October is over and we delayed a bit the end of the RSoC in order to get everything done for the release, and it seems that little happened as planned:
The RSoC advertisement was a great opportunity to get new developers interested in contributing to the project, some of them even without joining the RSoC took some points that weren’t requested and delivered them! That’s pretty cool, because our two selected students disapeared during the summer.
We’re a bit sad that the sdbization task wasn’t completed, since this would have been a huge improvement, both in term of performances and cool new features, like collaboration. Also, no one gave some love to the web interface, so it will still be an ugly PoC a bit longer.
Most of the tasks weren’t completed on the test cases and documentation sides, but we hope to get things done in time for the next release, the 0.9.9.
We’d like to congratulate our 3 volunteers for their hard work and dedication. They were supposed to be the ‘free’ team, but since our two official students left, we’d like to pay them as if they were selected: We managed to get $2100 in budget, so each of them will receive $700.
Skia did great to implement structures support, a bit à la 010Editor.
r2 -nn it is possible to analyze the file header structs using the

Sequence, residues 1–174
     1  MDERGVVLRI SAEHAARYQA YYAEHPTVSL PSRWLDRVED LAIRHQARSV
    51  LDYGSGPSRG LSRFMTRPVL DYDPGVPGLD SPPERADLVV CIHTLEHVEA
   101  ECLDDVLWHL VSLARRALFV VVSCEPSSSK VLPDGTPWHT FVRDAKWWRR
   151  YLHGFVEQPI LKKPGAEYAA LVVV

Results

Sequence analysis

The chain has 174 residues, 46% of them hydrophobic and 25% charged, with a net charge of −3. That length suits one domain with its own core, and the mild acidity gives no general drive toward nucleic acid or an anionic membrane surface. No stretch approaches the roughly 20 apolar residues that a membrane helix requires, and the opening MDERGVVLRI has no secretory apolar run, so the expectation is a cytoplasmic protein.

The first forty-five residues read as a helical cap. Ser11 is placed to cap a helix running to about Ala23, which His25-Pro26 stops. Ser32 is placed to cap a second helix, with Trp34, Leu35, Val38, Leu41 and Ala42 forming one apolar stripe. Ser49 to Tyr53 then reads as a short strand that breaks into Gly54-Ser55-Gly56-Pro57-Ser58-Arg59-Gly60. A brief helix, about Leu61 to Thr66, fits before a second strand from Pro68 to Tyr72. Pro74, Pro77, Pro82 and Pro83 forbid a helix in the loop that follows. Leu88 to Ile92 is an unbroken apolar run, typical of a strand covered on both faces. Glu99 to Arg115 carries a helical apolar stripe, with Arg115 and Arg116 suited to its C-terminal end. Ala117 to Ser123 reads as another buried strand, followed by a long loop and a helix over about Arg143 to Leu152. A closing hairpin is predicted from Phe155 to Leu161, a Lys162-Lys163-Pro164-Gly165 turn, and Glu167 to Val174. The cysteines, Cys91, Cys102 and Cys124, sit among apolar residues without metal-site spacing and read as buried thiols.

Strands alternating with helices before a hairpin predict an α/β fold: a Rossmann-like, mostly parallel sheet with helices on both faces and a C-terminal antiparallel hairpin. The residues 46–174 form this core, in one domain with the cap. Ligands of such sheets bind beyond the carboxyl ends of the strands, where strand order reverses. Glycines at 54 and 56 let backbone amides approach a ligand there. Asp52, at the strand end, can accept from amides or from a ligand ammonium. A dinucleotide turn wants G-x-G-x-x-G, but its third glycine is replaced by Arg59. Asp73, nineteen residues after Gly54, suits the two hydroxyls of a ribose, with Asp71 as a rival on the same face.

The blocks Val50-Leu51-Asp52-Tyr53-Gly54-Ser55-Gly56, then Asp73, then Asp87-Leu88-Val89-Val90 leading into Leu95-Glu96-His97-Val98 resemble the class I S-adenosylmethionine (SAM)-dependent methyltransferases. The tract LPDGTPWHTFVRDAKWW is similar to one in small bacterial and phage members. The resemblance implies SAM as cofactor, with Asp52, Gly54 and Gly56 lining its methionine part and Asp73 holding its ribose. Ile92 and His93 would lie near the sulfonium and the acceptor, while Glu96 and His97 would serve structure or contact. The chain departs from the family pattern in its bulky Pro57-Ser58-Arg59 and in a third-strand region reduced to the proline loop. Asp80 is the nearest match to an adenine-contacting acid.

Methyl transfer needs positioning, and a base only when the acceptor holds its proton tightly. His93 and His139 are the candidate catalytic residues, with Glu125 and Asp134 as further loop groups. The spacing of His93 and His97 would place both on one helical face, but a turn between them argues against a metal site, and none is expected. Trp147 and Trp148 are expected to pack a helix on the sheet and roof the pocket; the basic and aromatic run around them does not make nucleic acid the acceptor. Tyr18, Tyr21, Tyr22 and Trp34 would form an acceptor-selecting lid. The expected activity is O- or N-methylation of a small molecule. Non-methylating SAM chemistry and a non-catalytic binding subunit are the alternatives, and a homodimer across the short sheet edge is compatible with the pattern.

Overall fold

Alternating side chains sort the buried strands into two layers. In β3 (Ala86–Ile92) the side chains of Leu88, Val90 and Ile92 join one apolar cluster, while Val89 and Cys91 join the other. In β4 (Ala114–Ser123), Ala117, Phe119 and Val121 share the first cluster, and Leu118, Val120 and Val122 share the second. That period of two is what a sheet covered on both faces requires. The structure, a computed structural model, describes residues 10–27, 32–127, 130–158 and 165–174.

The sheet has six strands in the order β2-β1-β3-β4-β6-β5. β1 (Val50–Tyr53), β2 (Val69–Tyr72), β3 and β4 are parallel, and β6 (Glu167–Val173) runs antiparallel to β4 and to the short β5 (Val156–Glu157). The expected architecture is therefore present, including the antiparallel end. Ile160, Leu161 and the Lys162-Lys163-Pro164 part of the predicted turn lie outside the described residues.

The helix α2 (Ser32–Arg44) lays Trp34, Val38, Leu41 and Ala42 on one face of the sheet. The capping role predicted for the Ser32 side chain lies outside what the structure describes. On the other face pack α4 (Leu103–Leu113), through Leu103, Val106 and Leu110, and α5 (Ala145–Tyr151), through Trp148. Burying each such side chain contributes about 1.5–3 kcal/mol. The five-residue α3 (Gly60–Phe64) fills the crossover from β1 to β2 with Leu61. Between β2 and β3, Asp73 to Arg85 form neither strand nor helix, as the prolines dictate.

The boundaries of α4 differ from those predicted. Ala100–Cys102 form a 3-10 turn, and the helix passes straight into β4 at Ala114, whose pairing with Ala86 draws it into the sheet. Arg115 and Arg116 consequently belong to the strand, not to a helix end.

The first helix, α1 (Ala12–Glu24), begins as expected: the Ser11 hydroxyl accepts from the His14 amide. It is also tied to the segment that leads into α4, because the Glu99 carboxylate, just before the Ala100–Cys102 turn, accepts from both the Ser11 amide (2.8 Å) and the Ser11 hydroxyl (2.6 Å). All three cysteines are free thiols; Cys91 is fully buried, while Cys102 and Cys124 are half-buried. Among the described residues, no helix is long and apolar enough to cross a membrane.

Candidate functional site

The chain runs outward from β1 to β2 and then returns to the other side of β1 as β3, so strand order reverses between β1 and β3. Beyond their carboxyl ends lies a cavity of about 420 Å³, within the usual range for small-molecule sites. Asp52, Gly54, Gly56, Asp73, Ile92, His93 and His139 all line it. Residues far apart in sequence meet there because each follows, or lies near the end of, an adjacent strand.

pxa and other related commands.
$ r2 -nn /path/to/bin
FLIRT and YARA support
jfrankowski did a great RSoC, and improved yara support in radare2, and also added the FLIRT one! Currently, radare2 is only able to use existing signatures, but feel free to drop us a patch to build our own, using radare!
Yara3 support is almost there, but we prefer to release for a welltested yara2 version and push the upgrade in 0.9.9.
inisider implemented a standalone library to handle PDB files, and integrated it into radare2. You can now analyse/debug PE with much more ease.
> .!rabin2 -rP test.pdb
Nobody took that task from the RSoC, but pancake and condret raised the bar and managed to get a working implementation of ESIL, mainly tested on gameboy, brainfuck, x86 and mips. Also, pancake made a new search command to use esil expressions to perform complex conditional carving useful for forensics and data analysis.
We enjoyed holding this first RSoC. We made some mikstakes, and learned a lot of things. If we won’t get selected for a GSoC once again, be sure that the second RSoC will be better than the first one.
We’d like to thank everyone who attended, participated, donated, supported, helped, advertised, improved and tested things. Without you, the RSoC wouldn’t have been so productive!